Total RNA was extracted using TRIzol reagent (Life Technologies, Thermo Fisher Scientific) according to the manufacturer’s instructions. Complementary DNA (cDNA) was reverse-transcribed using a ReverTra Ace qPCR RT kit (Toyobo, Osaka, Japan). Real-time qPCR was performed in triplicate on an ABI Prism 7300 Sequence Detection System using SYBR Green PCR Master Mix (Life Technologies). The sequences of the primers used in this study are as follows: HSV-1 gD, 5′-AGCAGGGGTTAGGGAGTTG-3′ (Forward) and 5′-CCATCTTGAGAGAGGCATC-3′ (reverse); HSV-2 gD, 5′- CCAAATACGCCTTAGCAGACC-3′ (forward) and 5′-CACAGTGATCGGGATGCTGG-3′ (reverse); human GAPDH, 5′-TGCACCACCAACTGCTTAGC-3′ (Forward) and 5′- GGCATGGACTGTGGTCATGAG-3′ (reverse). The mRNA transcription levels were standardized against those of the housekeeping gene GAPDH.

HSV-1/blue assay

An HSV-1/blue assay was performed as previously described with modifications [39]. The confluent HEC-1-A cells in a 96-well plate were preincubated with serial dilution of drugs for 30 min at 37 °C. The cells were then infected with HSV-1/blue (MOI = 1). The cells were lysed with 1% NP-40 in DMEM 12 h p.i. Cell lysates from each well were then transferred into a new Costar 96-well flat plate. The β-gal substrate solution chlorophenol red-β-D-galactopyranoside (CPRG) was added to each well. The absorbance at 570 nm was measured after 1 h using a Tecan Infinite M200 microplate reader.

Immunofluorescence staining and confocal microscopy

HEC-1-A cells were seeded onto 10 mm glass coverslips, which were then placed in a 24-well plate. The cells growing on the coverslips were rinsed with PBS, fixed with 4% paraformaldehyde for 15 min at RT, and permeabilized with 0.2% Triton X-100 for 15 min. The coverslips were blocked with 1% BSA in PBS for 30 min at RT. Target biomarkers were immunolabeled using appropriate primary antibodies and Alexa Fluor 488-conjugated secondary antibody. Nuclei were visualized by staining with DAPI. Images were acquired using an Olympus FluoView FV10i confocal microscope (Tokyo, Japan).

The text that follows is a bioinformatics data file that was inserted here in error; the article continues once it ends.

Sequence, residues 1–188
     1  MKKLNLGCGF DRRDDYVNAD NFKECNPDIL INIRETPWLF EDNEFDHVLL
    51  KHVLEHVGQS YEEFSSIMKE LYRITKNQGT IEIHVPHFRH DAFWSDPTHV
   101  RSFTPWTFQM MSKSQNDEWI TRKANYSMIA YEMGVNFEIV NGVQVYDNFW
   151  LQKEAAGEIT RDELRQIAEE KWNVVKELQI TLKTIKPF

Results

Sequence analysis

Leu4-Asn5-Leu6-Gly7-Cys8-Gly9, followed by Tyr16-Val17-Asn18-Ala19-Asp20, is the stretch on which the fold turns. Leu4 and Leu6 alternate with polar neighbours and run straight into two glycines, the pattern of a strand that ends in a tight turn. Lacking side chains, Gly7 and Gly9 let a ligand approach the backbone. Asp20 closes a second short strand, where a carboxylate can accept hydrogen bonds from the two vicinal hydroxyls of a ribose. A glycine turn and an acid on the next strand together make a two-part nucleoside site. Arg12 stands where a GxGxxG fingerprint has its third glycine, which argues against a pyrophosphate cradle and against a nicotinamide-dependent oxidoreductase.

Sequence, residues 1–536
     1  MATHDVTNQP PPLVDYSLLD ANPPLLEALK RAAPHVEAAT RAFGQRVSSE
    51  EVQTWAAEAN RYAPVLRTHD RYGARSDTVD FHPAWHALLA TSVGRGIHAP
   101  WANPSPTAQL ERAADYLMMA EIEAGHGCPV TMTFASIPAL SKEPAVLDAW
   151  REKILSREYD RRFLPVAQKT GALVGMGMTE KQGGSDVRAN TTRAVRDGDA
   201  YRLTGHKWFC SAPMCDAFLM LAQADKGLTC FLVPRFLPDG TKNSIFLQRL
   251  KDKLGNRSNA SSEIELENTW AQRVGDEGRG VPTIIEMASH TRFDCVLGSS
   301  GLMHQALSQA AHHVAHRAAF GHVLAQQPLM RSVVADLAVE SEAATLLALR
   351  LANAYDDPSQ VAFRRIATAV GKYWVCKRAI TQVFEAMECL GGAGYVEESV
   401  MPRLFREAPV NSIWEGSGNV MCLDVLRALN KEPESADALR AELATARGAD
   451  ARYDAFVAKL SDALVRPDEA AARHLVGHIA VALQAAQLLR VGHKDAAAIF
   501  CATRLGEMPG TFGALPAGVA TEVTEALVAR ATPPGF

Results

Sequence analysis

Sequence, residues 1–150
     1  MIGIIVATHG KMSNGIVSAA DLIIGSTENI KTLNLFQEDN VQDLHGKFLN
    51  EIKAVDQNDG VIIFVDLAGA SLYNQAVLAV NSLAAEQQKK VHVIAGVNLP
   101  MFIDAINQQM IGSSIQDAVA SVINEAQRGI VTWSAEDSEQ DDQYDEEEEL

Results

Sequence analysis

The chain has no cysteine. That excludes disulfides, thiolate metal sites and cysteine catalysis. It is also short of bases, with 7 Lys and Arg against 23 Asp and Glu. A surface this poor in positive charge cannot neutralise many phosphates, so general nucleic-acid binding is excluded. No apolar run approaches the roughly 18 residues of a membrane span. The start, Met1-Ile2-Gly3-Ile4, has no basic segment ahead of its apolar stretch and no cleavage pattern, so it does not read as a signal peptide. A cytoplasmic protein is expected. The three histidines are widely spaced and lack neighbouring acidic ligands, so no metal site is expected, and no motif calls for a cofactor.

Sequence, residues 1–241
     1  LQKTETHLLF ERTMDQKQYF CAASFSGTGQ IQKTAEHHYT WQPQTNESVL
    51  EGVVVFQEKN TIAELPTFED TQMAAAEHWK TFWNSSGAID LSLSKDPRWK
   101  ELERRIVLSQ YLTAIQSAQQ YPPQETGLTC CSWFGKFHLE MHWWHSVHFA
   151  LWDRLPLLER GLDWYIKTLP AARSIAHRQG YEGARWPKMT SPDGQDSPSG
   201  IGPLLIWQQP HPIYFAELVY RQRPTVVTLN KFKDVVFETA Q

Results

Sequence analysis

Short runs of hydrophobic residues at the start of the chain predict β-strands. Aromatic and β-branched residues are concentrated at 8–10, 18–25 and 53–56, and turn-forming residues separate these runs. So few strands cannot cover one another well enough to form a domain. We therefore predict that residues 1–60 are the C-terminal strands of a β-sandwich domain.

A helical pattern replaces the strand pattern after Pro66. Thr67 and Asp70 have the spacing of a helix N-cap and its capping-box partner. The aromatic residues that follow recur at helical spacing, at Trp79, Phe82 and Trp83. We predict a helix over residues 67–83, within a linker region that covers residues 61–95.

Drug synergism analysis

We employed an in-cell western assay to determine the efficiency of wogonin- and acyclovir-mediated inhibition of HSV-2 gD expression in HEC-1-A cells. The half maximal effective concentration (EC50) of the two compounds were calculated. Combinations of the compounds with fixed molar ratios were also investigated. The ratio was optimized to yield the greatest synergism over a range of serial dilutions. The combination index (CI) of the two drugs was calculated in CalcuSyn software (Biosoft, Cambridge, UK) with a method described by Chou and Talalay [40]. Synergy was assessed according to the CI values and scored as follows: CI < 0.1, very strong synergism; CI = 0.1 to 0.3, strong synergism; CI = 0.3 to 0.7, synergism; CI = 0.7 to 0.85, moderate synergism; CI = 0.85 to 0.90, slight synergism; CI = 0.9 to 1.1, nearly additive synergism; and CI = > 1.1, antagonism.

Availability of data and materials

The datasets used and/or analyzed during the current study are available from the corresponding author on reasonable request.



Activator protein 1


Activating transcription factor 2




Duck hepatitis B virus


Glyceraldehyde-3-phosphate dehydrogenase


Hepatitis B virus


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This work was supported by Foundation of the Science and Technology Project of Wujin (WS201402 and WS201710), the Foundation of the Youth Science and Technology Project of Changzhou Health and Family Planning Commission (QN201505), the Innovative and Entrepreneurial Plan of Jiangsu Province, the Jiangsu Government Scholarship for Overseas Studies, the Changzhou High-Level Medical Talents Training Project (2016CZBJ060), the Special Fund for Clinical Medicine of Jiangsu University (JDLC2X020) and the Clinical Technology Development Foundation of Jiangsu University (JLY20160038). The funders had no role in study design, data collection and analysis, decision to publish, or preparation of the manuscript.

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Y.C., Z.W., and Z.Y. conceived and designed the study. Y.C., X.Lv., L.Z., and S.S. performed the antivirus experiments. A.S. and D.C. performed the western blot experiments. X.F., L.X., and Y.W. assisted with data analysis. Y.C. and X.Lv. interpreted the results and wrote the paper. Z.W. and Z.Y. edited the English language. All authors read and approved the final manuscript.

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Correspondence to Ying Chu or Zhihua Yun.

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Chu, Y., Lv, X., Zhang, L. et al. Wogonin inhibits in vitro herpes simplex virus type 1 and 2 infection by modulating cellular NF-κB and MAPK pathways. BMC Microbiol 20, 227 (2020).